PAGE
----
British Foreign Secretary Jeremy Hunt and Canadian Foreign Minister Chrystia Freeland will next month co-host in London the world’s first ministerial conference on media freedom. Our aim is to shine a light on abuses and raise the cost for those who would harm journalists for doing their jobs.
The London Conference will bring together foreign ministers with journalists, media professionals and leaders of international and civil society organisations. We look forward to broad international participation, including from Kuwait.
The United Kingdom and Canada are committed to promoting media freedom across the globe. It is an essential component of economic prosperity, social development and resilient democracy. It is a right to which all governments have committed, as enshrined in Article 19 of the Universal Declaration of Human Rights, which guarantees “freedom to hold opinions without interference and to seek, receive and impart information and ideas through any media and regardless of frontiers”.
United Nations Secretary-General Antonio Guterres reflected in February this year that the media has become significantly less free in recent years, including through unprecedented threats to journalists and media outlets, and attempts to control the media.
Media freedom is indeed under attack across the world. Reporters Without Borders assess that 2018 was the most dangerous year on record to be a journalist – at least 99 journalists were killed, another 348 imprisoned and 60 held hostage. The latest World Press Freedom Index describes how the number of countries regarded as safe, where journalists can work in complete security, continues to decline. Nine in ten cases of killed journalists remain unresolved.
Journalists face particular threats in war zones and at the hands of extremists. Unfortunately, however, journalists face dangers beyond conflict and extremism. Media freedom is also under threat from increasing intolerance of independent reporting, widespread and growing corruption, and the breakdown of law and order.
We must work together to stop the alarming increase in attacks on journalists and the media. Next month’s conference is an important milestone in our two governments’ wider media freedom campaign. It is a response to the UN Secretary-General’s call “to protect journalists and media workers and to create the conditions they need to do their essential work, and to investigate and prosecute the perpetrators of attacks”.
Canada and the UK want to see a renewed and strengthened commitment from the international community to the safety and protection of journalists. The conference itself will seek to arrive at commitments and a joint pledge along four main themes:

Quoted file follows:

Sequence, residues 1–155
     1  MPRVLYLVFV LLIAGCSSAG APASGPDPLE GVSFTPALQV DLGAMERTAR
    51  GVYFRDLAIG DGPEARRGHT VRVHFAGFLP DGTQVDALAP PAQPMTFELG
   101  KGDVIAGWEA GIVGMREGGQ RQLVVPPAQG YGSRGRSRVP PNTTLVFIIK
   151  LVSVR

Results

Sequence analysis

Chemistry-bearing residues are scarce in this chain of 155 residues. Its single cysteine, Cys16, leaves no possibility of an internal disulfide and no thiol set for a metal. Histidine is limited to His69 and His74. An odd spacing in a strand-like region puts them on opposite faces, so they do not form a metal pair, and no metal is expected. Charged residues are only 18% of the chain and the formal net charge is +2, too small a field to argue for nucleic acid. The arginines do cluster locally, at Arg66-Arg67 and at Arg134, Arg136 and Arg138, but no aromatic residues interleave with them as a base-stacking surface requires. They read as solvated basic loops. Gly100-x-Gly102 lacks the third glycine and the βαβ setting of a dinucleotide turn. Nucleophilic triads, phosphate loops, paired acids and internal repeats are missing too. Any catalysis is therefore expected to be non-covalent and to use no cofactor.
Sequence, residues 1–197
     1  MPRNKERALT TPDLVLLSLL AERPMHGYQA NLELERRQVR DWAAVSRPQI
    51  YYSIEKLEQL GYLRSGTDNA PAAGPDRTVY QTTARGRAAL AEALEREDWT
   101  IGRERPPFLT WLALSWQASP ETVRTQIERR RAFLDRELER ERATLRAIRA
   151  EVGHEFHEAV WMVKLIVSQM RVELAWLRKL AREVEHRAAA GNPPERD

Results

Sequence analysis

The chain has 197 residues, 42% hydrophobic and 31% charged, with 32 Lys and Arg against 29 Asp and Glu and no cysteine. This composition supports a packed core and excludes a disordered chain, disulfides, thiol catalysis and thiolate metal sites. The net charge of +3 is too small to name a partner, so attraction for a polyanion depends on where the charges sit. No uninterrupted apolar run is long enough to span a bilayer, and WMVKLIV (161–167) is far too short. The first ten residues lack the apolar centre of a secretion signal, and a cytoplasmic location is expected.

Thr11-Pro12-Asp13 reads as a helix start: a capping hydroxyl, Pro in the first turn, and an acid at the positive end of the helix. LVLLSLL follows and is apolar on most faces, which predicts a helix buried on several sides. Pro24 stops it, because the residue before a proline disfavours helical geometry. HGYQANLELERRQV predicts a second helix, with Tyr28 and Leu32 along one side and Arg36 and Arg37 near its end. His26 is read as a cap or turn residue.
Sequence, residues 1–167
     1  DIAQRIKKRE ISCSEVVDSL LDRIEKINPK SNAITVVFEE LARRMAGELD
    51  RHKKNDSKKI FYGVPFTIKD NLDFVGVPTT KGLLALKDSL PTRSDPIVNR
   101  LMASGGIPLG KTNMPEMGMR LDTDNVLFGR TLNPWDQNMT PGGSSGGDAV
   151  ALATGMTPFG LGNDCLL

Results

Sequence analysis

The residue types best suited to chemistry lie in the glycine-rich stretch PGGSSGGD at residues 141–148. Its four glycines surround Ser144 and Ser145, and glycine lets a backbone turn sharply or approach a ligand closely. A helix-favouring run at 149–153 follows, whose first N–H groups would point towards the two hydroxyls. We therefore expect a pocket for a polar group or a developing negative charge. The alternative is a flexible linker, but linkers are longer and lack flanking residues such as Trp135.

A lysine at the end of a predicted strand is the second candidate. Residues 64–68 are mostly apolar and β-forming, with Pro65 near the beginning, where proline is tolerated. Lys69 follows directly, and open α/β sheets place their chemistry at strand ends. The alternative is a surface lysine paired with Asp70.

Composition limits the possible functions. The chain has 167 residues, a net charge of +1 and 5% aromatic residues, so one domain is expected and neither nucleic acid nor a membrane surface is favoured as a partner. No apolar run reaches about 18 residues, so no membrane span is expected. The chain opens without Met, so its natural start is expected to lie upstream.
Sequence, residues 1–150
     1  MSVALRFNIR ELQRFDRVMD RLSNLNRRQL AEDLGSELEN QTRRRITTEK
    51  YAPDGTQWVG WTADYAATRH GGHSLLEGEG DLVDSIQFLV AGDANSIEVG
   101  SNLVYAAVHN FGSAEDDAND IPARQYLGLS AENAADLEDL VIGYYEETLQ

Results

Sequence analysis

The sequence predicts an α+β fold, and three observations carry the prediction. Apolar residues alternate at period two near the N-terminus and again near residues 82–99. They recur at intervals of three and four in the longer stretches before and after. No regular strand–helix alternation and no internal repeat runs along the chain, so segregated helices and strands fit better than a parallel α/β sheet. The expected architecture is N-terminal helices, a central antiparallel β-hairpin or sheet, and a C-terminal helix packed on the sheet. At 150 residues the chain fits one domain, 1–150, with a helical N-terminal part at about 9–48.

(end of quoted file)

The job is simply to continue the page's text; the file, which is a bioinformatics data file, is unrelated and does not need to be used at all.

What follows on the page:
First, participants will discuss measures to enhance the safety of journalists, with particular focus on female journalists, activating international mechanisms, and ways of ending impunity through more prosecutions of those abusing journalists’ rights.
Second, the conference will look at national legal and professional frameworks for protecting journalists and safeguarding media freedom. We anticipate in particular the launch of Joint Declarations by Special Rapporteurs on Media Freedom.
Third, there will be a focus on rebuilding trust in the media and countering disinformation.
Fourth, we will look at media ownership and its impact on media independence, with a view to coming up with recommendations on media sustainability.
Our joint expectation is that the London Conference will inspire common action worldwide. All participants will be invited to make a solemn pledge and specific commitments. Countries will also be encouraged to design National Action Plans on journalists’ safety, supported by an international task force. We also plan to hold the first meeting of the High Level Panel of Legal Experts on Media Freedom, to be convened by the Foreign Secretary’s Special Envoy Amal Clooney, and to launch a global Media Freedom Defence Fund to support follow-up.
As the British Foreign Secretary Jeremy Hunt said in a recent speech, “We want to build a coalition of governments committed to a stronger diplomatic response when media freedom is curtailed, and to ensure greater support when countries do the right thing, remove restrictions and push out the frontiers of free expression…. A free media is not an optional extra, still less a ‘Western’ value: it forms one pillar of a thriving society, benefiting people in every corner of the world.”
The Canadian Minister of Foreign Affairs Hon. Chrystia Freeland, PC, MP said :
In any democracy, journalists must have the ability to report facts freely, to defend, expose and advance the truth without fear of retaliation, reprisal, violence or imprisonment. Canada will always defend this right. We are very pleased to co-host this conference with the United Kingdom, and we look forward to joining all participants in London later this year.”
By Michael Davenport, British Ambassador to Kuwait
Louis-Pierre Emond, Canadian Ambassador to Kuwait